It’s no secret that staff retention is one of the biggest problems faced by education right now.
In the UK one third of teachers leave the profession within the first five years, and although it’s difficult to zero in on the exact cause of this early-career exodus, there is mounting evidence that a lack of flexible working plays its part.
Sue Plant is head of school at John Taylor Free School in Staffordshire, UK, and having come up against a lack of flexibility in her own career she vowed to embed a different culture as she entered leadership.
Plant appeared in a Tes knowledge share webinar in December 2020 and during the session identified an alarming trend in female teachers leaving education, a trend that underpins the staff shortages schools have struggled with in recent years. She also demonstrates that these departures have led to a massive disparity when it comes to female teachers reaching leadership positions.
According to DfE workforce data, 76 per cent of teachers in England are women, but this percentage drops to just 36 when looking at secondary headteachers. So why the big drop off?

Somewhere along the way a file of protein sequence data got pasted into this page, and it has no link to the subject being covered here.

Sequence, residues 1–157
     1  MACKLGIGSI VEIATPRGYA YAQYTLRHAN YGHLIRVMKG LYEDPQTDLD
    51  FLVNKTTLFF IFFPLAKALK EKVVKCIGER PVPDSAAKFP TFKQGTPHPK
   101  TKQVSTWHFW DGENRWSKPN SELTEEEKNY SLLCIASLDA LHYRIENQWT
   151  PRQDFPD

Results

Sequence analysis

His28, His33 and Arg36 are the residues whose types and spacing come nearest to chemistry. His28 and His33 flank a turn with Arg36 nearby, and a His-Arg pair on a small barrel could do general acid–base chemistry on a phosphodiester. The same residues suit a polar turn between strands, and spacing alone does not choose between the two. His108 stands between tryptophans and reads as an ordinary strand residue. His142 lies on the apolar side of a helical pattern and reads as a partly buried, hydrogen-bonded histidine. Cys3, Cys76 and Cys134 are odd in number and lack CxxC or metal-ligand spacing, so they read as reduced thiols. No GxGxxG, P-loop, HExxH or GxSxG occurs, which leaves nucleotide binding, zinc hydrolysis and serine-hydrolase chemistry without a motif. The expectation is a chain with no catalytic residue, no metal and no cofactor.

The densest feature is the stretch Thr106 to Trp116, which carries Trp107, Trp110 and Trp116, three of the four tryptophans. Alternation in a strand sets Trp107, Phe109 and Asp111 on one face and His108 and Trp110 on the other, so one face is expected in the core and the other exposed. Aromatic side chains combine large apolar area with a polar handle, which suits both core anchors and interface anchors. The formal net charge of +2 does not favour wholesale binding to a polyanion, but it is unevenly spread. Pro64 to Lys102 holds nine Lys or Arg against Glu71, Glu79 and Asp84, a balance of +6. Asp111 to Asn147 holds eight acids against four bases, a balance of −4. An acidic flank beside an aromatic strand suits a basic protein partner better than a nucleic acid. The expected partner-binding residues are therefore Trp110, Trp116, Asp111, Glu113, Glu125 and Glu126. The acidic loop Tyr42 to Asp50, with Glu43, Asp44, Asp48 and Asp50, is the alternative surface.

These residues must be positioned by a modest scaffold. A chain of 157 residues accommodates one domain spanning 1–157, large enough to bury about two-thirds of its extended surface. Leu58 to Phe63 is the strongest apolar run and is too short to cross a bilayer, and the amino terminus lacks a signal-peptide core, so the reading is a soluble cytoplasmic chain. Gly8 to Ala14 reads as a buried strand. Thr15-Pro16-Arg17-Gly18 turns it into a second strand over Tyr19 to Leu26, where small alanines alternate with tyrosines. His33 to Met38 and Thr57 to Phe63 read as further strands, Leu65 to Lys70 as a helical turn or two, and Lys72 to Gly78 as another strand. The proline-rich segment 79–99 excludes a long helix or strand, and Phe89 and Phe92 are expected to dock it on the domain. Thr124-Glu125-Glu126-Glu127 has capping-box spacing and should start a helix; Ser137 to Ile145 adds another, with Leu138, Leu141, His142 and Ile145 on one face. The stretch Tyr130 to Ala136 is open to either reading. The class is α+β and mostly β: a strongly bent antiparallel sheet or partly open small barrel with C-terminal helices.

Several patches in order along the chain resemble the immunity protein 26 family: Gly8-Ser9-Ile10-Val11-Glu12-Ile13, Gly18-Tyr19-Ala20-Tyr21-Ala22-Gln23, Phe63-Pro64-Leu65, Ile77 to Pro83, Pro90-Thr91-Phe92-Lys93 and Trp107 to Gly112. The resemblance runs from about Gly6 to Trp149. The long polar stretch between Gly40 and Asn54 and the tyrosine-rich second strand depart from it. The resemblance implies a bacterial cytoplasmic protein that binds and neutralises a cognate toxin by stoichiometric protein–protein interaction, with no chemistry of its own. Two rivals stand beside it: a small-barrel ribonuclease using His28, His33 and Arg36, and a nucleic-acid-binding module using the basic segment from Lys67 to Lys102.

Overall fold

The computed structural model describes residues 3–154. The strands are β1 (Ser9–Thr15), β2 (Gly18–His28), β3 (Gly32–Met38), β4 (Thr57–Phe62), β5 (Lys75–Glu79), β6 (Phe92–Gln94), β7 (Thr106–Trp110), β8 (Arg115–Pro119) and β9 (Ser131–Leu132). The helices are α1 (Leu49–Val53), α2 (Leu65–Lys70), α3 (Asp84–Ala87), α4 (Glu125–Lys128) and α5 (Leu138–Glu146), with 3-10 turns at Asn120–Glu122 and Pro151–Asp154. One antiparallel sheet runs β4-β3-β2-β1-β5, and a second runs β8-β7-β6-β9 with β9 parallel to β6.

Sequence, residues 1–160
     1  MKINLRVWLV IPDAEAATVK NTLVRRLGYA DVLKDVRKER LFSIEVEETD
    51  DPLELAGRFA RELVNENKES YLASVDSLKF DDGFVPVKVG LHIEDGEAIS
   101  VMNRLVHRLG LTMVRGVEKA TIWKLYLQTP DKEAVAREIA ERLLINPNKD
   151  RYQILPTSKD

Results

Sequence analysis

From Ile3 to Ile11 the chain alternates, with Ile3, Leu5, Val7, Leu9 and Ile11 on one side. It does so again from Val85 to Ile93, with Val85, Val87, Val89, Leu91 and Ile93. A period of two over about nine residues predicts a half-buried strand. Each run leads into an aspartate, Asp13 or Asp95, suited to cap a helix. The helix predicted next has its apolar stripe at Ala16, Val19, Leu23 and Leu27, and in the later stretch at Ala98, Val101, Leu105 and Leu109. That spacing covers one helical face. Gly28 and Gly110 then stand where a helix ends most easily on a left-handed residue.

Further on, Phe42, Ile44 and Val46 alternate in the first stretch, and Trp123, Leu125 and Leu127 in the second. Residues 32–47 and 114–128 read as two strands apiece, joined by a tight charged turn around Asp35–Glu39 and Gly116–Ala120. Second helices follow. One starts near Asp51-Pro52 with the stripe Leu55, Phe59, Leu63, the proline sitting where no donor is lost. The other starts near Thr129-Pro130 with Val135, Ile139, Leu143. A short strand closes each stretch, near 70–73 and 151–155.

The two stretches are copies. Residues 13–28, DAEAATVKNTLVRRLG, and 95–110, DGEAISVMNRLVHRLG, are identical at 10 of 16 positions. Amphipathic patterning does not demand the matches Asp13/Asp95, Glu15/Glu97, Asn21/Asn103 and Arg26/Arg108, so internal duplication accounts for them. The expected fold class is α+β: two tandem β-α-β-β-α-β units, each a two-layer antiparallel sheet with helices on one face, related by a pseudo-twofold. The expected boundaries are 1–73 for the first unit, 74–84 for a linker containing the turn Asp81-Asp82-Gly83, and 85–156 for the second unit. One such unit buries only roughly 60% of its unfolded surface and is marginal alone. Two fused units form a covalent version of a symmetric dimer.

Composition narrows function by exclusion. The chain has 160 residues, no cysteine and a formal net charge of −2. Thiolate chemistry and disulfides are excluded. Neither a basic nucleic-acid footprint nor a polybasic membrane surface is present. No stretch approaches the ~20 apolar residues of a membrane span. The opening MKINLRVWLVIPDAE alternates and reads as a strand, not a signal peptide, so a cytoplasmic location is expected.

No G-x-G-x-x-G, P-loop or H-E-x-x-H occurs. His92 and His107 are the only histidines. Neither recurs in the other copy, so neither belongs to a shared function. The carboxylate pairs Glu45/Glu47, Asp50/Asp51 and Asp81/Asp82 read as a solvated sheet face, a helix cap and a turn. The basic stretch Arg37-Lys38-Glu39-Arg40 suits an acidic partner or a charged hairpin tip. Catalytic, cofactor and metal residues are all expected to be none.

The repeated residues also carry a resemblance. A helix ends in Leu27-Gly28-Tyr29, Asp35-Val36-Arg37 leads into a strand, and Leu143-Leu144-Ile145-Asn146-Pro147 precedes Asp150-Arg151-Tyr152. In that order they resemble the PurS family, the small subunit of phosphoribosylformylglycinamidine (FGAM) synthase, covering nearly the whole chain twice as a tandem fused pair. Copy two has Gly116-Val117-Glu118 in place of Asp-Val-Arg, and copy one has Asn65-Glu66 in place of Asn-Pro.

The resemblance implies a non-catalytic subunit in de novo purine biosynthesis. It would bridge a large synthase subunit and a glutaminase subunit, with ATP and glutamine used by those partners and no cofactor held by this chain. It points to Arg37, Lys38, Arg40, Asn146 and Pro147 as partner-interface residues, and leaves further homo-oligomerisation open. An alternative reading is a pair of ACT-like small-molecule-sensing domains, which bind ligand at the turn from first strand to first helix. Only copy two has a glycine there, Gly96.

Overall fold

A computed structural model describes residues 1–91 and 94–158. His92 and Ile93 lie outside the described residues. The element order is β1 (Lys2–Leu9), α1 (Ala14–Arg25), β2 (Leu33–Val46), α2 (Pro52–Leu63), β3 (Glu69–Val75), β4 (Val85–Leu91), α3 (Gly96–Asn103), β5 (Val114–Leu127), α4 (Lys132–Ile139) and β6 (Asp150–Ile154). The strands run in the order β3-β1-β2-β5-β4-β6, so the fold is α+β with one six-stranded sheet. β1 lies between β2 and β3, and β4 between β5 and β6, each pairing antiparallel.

Plant highlights the fact that women aged 30-39 represent 27 per cent of teachers leaving the workforce every year, and links these departures to the lack of flexibility on offer.
27 per cent of female teachers work part-time, compared with 42 per cent of the workforce in the UK. While male staff also take fewer part-time roles- around 8.5 per cent of male teachers work part-time, compared with 13 per cent of men in the workforce nationally- the numbers for women represent a far bigger problem.
So for school leaders faced with the prospect of losing quality teachers as they look for a more flexible career, surely there is a solution?
“I firmly believe that a culture of flexible working is the way to recruit and retain quality teachers,” says Plant.
“The time when the excuse of ‘it sets a precedent’ or ‘the timetable is a barrier’ prohibits people from working flexibly is gone, and we need to reset the profession, the professional standards and the expectations of our colleagues.”
Plant sees enabling the discussion of flexible working as an essential tool in improving employee wellbeing, and encourages transparency when it comes to what employees want and what the school can offer.
“When there’s a bit of give and take and a shared appreciation of flexibility then it means we nearly always meet a compromise over what will work for the employee and for the school,” says Plant. “Having sophisticated timetabling software helps us do that.”
To find out more about how Plant has embedded flexible timetabling in her school watch the full webinar below: